Simple Ways to Maintain Household Sustainability by Recycling and Composting
It is no question that the new chic thing in the technology driven American marketplace is fashionable environmentalism. This is not to suggest that environmental attitudes are new by any respect, but more that the corporate scene of investigative marketers have seen the consciousness about the issues have gone from a minuscule group of dreadlock wearing hippies to a larger group of young suburbanites with money to spend. This started an entire market dedicated to “going green.” Now we have ready to eat “organic” frozen food, environmentally friendly cleaning products, and terms like “free trade” and “cruelty free” being brandished on every plastic package. One of the new hype words being utilized during this coporate “green wash” is sustainability. Though it is overused by companies that care more about exploiting consumer’s social conscience than ecological salvation, it is still an increasingly valid and crucial way at looking at our own consumption.
Sustainabillity is an easy concept to grasp on an individual level when it is addressed very simply. What this means is that your consumption is designed to be forever sustainable. That is that the effect on the outside world, and its resources, is done so minorly that you could constantly consume and never run out of the resources you depend on or leave a continually greater destructive effect on the planet. Within this concept we have recycling, reduction of energy uses, composting, and a host of other ideas. What makes this concept great, and the reason it is most likely used out of context by conglomerates fighting over your paycheck, is that this is an easy thing for the individual person to strive for because there are numbers of practical ways they can achieve this.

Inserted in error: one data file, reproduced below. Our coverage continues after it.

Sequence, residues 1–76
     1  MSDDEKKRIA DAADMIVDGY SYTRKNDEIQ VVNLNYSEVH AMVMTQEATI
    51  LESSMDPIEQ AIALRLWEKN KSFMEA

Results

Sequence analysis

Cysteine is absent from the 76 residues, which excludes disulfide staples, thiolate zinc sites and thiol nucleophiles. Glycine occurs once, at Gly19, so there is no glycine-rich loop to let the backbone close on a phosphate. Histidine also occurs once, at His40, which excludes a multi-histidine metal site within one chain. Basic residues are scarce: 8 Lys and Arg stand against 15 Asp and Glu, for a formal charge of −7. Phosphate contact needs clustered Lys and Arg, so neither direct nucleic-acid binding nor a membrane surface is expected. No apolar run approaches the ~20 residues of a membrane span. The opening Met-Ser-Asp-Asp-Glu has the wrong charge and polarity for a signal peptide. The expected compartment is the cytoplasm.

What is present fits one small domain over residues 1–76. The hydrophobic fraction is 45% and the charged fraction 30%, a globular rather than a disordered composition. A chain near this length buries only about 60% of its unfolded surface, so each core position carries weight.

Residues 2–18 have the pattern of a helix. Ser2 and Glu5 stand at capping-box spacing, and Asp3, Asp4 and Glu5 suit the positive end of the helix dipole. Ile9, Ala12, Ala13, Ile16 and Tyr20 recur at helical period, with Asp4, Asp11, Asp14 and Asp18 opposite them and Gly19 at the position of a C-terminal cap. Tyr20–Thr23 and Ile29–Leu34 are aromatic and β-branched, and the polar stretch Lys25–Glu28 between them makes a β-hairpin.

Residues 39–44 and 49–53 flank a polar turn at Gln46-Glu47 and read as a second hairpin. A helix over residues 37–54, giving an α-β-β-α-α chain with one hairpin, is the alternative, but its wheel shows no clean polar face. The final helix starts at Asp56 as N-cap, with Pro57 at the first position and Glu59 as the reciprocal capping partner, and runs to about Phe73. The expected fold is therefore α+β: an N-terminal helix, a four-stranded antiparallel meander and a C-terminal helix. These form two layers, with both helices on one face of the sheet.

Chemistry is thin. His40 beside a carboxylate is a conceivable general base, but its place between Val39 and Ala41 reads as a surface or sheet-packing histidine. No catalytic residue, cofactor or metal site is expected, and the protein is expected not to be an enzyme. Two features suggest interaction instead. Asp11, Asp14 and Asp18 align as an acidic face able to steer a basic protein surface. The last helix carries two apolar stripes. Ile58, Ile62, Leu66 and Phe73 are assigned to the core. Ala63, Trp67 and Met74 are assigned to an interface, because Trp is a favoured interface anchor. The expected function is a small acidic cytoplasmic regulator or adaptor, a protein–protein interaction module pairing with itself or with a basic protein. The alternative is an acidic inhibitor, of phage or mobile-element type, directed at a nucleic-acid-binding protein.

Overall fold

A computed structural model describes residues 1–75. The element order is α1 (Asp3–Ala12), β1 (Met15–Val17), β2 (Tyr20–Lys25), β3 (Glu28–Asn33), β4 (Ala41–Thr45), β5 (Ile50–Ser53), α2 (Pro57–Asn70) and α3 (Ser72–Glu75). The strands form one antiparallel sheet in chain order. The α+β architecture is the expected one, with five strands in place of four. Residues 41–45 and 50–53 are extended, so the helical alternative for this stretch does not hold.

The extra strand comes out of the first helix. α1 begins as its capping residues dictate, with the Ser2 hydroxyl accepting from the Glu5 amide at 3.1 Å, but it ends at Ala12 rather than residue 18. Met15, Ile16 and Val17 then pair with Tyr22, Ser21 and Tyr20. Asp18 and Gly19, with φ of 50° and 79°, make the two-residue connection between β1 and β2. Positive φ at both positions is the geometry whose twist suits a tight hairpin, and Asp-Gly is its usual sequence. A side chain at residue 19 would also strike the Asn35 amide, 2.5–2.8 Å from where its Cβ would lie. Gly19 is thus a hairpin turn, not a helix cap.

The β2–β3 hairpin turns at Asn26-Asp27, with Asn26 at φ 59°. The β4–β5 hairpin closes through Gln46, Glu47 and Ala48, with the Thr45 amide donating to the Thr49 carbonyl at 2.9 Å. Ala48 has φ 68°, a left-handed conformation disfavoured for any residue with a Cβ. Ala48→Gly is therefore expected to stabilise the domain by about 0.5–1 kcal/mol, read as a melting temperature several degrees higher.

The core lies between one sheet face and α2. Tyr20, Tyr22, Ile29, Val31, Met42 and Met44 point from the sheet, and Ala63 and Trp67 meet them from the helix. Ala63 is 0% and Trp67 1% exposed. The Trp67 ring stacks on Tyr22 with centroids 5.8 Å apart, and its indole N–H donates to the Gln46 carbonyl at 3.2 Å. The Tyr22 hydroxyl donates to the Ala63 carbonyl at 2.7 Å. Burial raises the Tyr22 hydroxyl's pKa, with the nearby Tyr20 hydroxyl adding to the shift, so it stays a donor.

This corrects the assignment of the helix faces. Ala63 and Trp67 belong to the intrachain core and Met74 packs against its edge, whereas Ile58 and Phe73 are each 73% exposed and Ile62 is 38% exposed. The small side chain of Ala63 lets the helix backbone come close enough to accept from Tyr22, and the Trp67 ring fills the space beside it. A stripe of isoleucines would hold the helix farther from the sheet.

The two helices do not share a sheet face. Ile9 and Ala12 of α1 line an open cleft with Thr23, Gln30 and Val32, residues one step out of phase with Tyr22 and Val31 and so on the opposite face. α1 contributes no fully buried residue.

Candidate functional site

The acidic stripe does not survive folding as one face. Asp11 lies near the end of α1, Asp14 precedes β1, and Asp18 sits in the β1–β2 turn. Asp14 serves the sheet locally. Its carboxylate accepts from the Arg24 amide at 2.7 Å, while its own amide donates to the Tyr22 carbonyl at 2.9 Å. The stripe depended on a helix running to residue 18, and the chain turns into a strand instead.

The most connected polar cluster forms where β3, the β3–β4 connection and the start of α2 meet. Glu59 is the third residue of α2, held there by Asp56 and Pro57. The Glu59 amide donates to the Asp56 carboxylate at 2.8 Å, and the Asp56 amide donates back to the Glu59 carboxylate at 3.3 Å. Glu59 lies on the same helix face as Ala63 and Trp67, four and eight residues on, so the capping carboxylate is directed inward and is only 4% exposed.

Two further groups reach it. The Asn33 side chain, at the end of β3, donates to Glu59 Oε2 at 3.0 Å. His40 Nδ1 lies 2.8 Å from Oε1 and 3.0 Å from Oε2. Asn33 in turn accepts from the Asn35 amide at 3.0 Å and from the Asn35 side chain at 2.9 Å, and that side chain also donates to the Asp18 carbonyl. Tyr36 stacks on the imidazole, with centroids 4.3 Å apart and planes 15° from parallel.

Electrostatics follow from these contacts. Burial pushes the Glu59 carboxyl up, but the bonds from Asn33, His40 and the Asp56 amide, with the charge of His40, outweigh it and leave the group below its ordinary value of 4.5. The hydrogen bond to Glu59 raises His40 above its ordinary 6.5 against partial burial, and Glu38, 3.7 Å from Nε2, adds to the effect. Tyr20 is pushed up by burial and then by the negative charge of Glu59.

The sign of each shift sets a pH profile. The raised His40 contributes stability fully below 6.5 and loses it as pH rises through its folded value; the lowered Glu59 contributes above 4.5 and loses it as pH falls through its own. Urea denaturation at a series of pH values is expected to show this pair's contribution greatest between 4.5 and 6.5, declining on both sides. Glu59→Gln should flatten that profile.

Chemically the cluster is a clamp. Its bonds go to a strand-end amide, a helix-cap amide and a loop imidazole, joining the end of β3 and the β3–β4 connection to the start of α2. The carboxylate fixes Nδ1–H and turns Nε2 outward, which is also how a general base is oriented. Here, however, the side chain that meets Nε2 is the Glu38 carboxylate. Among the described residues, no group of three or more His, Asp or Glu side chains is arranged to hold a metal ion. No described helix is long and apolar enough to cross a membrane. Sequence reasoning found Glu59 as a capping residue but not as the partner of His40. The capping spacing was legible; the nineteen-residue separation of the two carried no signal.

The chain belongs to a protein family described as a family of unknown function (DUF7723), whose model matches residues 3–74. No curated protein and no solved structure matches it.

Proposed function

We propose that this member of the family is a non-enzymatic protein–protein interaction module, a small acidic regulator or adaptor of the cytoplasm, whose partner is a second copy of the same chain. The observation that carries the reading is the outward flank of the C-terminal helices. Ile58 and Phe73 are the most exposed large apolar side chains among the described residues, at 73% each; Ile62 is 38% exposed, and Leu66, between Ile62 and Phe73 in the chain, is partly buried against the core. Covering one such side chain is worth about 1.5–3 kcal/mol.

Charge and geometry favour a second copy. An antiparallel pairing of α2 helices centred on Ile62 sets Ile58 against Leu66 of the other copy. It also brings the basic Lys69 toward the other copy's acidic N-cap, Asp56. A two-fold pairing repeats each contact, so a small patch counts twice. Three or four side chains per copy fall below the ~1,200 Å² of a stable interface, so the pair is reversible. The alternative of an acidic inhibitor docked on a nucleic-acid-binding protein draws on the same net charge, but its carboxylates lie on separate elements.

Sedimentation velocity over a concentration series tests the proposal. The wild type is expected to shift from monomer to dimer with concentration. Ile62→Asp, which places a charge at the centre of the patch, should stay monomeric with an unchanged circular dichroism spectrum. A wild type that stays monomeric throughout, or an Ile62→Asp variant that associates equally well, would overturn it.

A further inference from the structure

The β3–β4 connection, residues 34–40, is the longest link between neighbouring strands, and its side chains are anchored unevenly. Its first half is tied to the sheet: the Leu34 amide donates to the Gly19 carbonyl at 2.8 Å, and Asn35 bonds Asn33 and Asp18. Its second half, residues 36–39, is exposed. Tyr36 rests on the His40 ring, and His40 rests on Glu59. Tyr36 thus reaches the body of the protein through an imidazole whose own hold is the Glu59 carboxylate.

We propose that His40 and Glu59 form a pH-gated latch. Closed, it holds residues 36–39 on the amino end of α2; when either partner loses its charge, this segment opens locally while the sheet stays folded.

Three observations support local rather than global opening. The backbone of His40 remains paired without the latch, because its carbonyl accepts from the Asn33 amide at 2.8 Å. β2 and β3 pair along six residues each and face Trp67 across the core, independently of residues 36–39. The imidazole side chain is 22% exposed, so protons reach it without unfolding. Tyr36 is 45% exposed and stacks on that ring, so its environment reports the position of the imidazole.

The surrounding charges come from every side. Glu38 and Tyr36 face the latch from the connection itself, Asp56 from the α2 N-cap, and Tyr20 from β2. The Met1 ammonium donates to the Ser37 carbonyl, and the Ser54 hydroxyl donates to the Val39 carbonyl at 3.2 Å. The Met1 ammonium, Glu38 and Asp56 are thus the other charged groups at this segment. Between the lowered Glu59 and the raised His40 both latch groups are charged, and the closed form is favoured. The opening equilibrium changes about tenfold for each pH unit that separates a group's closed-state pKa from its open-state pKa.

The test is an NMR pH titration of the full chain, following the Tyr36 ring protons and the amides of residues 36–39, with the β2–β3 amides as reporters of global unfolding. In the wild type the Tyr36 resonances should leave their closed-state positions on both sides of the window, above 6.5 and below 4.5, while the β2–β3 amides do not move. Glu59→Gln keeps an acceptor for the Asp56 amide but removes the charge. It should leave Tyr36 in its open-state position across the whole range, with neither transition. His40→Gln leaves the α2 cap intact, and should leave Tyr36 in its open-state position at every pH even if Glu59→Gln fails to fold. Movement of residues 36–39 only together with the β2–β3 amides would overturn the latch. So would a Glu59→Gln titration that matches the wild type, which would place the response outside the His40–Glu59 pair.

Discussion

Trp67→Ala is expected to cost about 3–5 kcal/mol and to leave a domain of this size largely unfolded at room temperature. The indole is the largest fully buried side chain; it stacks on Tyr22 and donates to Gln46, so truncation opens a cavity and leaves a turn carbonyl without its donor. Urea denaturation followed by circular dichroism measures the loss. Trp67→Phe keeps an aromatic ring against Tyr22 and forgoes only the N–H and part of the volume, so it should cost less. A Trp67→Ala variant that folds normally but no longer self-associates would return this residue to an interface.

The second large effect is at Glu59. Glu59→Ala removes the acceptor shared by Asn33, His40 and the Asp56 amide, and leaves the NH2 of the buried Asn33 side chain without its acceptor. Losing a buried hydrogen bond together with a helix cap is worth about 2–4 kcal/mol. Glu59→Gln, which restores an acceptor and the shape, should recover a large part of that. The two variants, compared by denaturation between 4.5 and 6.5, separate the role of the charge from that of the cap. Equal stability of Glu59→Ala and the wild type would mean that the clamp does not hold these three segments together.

First, we all know that recycling is important, but a few simple steps can create an infrastructure for it that can make it easy and beneficial. Most cities, and apartment complexes, allow for joint recycling in one single receptacle. Often glass will have to be separated on its own, so two bins are optimum. The kitchen is the largest area of consumptive waste, so a small area of a closet or corner that can be dedicated to two extra waste receptacles will make it that much easier to simply toss cardboard or plastics into these bins. Just leave them out with your garbage, or toss them into the recycling at your lodging.
Likewise, composting is a simple way that you can reduce your deposits into the growing landfill environment. Simply get a receptacle and place all decomposable food items into it. Then either use it in your garden, give it to a friend for theirs, or find out if your city has a community compost pick-up program. This is the definition of sustainability because it uses our waste as a catalyst for producing more plants and food. It helps foster a natural cycle that we have been away from with our trash based culture.
These are simple things, but there are many more that can empower any person to make the concept of sustainability real and practical for their lives. It is everyones responsibility to begin reversing the harm our species has had on the natural world, but that does not have to be an alienating idea at all. Every person can take simple measures to live an ethical lifestyle where their imprint will be less than the generations before them.
This post is part of the series: The Green Home
Practical techniques for adding sustainability to the home.